* If you do one of these changes for a short period of time, you probably won’t notice the benefits of it.

Therefore, the solution is simple (but not easy). You must do all of those things (or most of them) for a long time in order to realize the full benefits of doing so. It is only in the long run that you will notice the full benefits of the holistic model.

“Yes,” you say….”but what is this synergy stuff?”

What will happen in the long run is that the benefits that you get from this holistic approach will start to interact with each other. For example, if you start exercising and also eat healthier foods and you are sleeping better too then you might eventually realize that you are much more balanced emotionally. You are on an even keel more of the time. How did this happen? It happened because of the holistic approach. The daily exercise is one piece of it. The improved sleeping patterns are another piece of it. You put all of those pieces together and new benefits will emerge, including things that you never would have predicted necessarily.

Tactics can fail in unknown situations whereas a strong strategy can overcome

So the strategy is personal growth and holistic health. What is the tactical alternative to this strategy?

If you listen at most traditional recovery programs you will hear the tactical approach to recovery instead. This is the reactionary approach. The idea is simply this: You get a trigger, you take a certain action in order to deal with it. So maybe you walk past the liquor store where you used to buy your booze, and it makes you think of drinking, so you call your sponsor. Or you go to an AA meeting. You experience a trigger, then you react to it.

The problem is that tactics can ultimately fail in certain situations because you will not always have an obvious answer when things go wrong. For example, what happens if you are facing a strong trigger to drink alcohol and you call your sponsor and all of your peers but they all happen to be on a meditation retreat that you could not attend due to your work schedule? (True story). Suddenly all of your lifelines are down and your tactical approach has failed you. The trigger popped up, you reacted to that trigger, and it was not good enough because the tactics essentially fell through for you.

So what can we do when tactics fail? We go up a level and rely on strategy instead. Because when you use a strategy to stay sober it allows you to improvise, it allows you to figure things out on the fly, it allows you to implement new ideas without having to go exactly by the book for everything. I know a lot of people in recovery who are terrified of doing anything that is not “by the book,” but in long term sobriety your hand is going to be forced at some point. In other words, at some point you are going to have to think on your own two feet. You are going to have to know how and why your sobriety really works, from the inside out.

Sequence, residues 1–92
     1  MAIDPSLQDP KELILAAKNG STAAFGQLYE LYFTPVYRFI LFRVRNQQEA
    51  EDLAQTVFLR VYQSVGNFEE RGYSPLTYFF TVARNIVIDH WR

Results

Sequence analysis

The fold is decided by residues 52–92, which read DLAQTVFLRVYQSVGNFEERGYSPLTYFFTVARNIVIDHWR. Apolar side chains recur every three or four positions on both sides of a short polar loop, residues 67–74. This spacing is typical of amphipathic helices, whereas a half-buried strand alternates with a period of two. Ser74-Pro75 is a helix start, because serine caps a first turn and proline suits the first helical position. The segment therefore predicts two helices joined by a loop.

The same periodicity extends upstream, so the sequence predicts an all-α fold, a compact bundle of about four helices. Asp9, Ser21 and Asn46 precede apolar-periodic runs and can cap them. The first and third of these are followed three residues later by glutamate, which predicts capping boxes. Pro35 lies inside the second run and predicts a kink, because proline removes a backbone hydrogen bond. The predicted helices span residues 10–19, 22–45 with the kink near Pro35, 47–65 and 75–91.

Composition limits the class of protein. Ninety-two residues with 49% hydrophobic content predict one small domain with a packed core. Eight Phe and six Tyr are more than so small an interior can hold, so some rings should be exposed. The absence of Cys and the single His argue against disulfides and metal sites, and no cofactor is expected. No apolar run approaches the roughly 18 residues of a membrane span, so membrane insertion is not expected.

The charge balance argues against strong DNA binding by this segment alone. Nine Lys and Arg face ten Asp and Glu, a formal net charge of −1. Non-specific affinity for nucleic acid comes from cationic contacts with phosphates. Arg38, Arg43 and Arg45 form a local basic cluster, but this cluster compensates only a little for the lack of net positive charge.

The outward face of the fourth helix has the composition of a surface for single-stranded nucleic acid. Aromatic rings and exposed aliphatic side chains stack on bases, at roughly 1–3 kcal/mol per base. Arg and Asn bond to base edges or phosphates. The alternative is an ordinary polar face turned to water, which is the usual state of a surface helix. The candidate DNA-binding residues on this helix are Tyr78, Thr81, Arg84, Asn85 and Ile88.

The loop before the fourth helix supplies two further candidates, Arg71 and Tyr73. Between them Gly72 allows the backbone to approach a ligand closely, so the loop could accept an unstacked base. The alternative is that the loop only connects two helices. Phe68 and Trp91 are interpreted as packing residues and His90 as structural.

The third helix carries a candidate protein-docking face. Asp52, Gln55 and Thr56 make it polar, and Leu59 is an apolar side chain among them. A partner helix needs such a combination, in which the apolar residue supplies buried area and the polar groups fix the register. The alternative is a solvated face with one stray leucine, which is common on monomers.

You see, most of us only know it from the outside in. Go to a meeting, call your sponsor. If these are the building blocks of your sobriety then you need to evolve a bit. Those are tactics. They point to sobriety but they are not sobriety itself. They are only pointers.

A strategy is strong yet flexible. A strategy is saying “I push myself for personal growth and my goal is to get a little bit healthier every day.” This allows you to improvise when your support network breaks down.

Hypothetical scenario: You call your sponsor and you are shocked to find out that they have relapsed. What now? Well guess what? This happens every single day around the world, and some day it might happen to you. Therefore you don’t want to put all of your recovery eggs into one basket. You don’t want to rely on single tactics to keep you sober. You want instead a recovery strategy that is flexible and robust. The combination of personal growth and holistic health is exactly that.

Why holistic health? Why try to improve your health at all in recovery?

You got sober, didn’t you?

Why did you do that? Why did you choose to get clean and sober?

Let ask you a very simple and bold question:

Did you get sober because you wanted to live, or did you get sober because you wanted to die?

That is a pretty easy concept to understand. Choosing sobriety means that you choose life.

If you stay stuck in addiction then that is NOT choosing life. Everything in addiction brings you closer to illness, suffering, chaos, and death.

Addiction is death, and recovery is life. When you choose to get sober you are choosing life.